Fewer international students a bad move: KU

Fewer international students a bad move: KU
With the elimination of up to 4,000 student spots the government is shooting itself in the foot, the University of Copenhagen argues. Photo: Simon Læssøe/Scanpix
The government's decision to cut the number of student spots in programmes with poor job prospects will sabotage plans to make Denmark more appealing to internationals and more competitive in a global economy, the University of Copenhagen has warned.
Denmark’s top-ranked university says that the government’s plan to cut thousands of study spots in areas that don’t produce jobs will hurt internationalisation efforts and leave students ill-prepared for the global job market.
The University of Copenhagen (KU) said the cuts will result in fewer available spots for international students and give Danes less interaction with a diverse and international student body.
“Many programmes will now no longer have space for international students when we have to stick to the government’s cap on the number of students. With that, we will not be able to live up to the business community’s desire to attract and maintain foreign talent,” the university's prorector for education, Lykke Friis, said in a press release. 
“We will not be able to maintain or develop the international student environment we have built up. That will damage the Danish knowledge society and the universities’ global competitiveness,” she added.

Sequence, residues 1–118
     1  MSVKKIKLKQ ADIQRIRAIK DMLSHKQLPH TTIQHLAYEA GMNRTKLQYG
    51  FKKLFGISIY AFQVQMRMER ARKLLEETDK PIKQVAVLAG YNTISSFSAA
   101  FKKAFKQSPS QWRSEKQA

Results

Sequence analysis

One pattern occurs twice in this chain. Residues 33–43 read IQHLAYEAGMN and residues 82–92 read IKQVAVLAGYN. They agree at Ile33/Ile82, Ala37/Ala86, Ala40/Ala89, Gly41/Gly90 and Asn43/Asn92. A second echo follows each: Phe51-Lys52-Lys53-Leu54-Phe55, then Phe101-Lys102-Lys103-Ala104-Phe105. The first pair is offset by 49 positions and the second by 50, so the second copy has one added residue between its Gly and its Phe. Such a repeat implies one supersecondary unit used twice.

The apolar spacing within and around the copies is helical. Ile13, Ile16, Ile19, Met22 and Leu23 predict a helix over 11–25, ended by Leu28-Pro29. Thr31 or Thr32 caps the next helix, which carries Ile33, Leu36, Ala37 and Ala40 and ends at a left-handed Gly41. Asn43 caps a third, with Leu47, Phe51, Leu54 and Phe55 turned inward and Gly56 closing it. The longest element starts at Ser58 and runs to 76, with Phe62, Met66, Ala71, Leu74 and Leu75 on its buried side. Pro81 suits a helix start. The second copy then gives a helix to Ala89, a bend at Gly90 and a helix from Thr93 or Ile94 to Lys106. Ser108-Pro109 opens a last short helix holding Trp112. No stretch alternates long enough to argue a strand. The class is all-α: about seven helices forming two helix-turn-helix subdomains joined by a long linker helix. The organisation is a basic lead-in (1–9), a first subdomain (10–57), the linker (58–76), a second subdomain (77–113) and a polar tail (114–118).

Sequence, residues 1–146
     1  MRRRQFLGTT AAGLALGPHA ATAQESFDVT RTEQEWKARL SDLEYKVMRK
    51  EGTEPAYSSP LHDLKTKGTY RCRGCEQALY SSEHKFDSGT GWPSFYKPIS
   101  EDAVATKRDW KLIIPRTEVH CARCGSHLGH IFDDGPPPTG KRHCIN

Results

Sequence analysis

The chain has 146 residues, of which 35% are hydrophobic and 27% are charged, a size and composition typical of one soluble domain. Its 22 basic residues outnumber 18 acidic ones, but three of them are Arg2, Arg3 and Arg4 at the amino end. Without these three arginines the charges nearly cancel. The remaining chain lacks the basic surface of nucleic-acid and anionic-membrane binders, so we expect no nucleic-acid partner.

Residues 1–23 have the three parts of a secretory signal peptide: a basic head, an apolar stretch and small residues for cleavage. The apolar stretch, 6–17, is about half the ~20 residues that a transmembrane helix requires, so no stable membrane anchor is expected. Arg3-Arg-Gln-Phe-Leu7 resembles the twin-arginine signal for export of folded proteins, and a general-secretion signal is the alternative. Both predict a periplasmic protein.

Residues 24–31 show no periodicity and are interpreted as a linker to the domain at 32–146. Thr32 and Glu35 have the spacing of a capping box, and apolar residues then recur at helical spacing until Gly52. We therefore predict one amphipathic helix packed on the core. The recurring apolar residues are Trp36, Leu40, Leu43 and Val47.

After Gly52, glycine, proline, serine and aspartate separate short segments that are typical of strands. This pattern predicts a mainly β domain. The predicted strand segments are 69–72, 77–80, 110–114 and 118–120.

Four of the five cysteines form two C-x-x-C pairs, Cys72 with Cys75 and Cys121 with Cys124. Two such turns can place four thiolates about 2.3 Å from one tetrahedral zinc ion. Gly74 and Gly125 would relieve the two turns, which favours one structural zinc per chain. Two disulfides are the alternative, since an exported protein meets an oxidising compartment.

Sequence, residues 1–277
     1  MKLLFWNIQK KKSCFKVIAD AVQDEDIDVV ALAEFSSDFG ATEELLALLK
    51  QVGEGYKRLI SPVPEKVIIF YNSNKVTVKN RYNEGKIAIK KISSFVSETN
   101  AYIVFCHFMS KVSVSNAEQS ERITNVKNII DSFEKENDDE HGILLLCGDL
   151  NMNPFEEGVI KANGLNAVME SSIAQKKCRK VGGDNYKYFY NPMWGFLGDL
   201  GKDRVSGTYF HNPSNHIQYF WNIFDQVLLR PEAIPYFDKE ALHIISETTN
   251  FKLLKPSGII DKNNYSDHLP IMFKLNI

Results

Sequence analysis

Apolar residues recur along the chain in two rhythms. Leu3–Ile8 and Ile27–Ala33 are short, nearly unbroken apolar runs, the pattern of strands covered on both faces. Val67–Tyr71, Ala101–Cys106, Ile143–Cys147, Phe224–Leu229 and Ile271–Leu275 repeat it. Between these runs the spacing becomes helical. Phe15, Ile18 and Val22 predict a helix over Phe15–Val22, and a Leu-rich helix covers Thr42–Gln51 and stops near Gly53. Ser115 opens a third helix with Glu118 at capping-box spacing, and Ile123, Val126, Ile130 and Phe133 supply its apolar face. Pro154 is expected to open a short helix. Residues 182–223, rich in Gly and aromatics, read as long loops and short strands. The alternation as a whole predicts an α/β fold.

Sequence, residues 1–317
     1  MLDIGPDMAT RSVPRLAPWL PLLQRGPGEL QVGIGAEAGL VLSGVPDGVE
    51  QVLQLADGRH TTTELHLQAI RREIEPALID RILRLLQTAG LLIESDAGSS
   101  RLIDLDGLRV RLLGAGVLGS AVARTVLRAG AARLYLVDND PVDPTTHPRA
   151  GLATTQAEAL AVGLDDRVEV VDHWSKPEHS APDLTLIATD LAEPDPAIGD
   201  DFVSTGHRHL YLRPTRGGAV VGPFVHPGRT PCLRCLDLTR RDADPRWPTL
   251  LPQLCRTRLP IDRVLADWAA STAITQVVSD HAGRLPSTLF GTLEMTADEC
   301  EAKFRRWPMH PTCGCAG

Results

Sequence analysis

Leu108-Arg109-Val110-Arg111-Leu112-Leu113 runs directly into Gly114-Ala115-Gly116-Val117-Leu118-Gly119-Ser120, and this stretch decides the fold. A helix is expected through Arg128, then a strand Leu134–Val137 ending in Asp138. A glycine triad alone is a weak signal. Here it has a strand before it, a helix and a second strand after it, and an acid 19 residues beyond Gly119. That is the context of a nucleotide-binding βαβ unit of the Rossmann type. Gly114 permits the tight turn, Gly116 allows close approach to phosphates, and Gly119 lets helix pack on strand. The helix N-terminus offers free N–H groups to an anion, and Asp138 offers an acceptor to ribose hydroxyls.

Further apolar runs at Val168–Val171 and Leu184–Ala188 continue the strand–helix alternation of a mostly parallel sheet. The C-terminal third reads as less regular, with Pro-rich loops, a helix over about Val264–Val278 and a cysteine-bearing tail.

The Ministry of Higher Education and Science announced last month that it will significantly cut down on the number of education programmes that do not directly produce jobs. Cuts will be based on the unemployment numbers of graduates in different fields, with those programmes that lead to the highest unemployment rates being slashed by up to 30 percent. 
KU said that fewer spots for international students won't just be a setback for those foreigners who want to study in Denmark, it also will result in a worse education experience for Danes.
“It’s important for our Danish students to be part of an international student environment. It gives them competences that are necessary in a global job market,” Henrik Busch, the associate dean of the Faculty of Science, said. 
The university also said that the proposed education cuts contradict the message from both business leaders and the government that Denmark needs more talented foreigners. 
“Parliament must address the fact that many graduate programmers will no longer have room for foreign students or, for that matter, students who come from another university within Denmark. That will affect the government’s action plan for the internationalisation of education,” Friis said. 
KU has warned that the government’s plan could result in up to 20 education programmes being completed eliminated, including foreign languages such as Chinese and Portuguese that are key to developing business relationships with fast-growing global economies. 
In announcing the ministry’s proposed cuts, Minister for Higher Education Sofie Carsten Nielsen predicted that the universities would resist the move. 
“I know this requires a feat of strength from the institutions, but all higher educations need to be more in tune with the job market that will await students. We cannot and should not accept so many educations leading to joblessness,” she said. 

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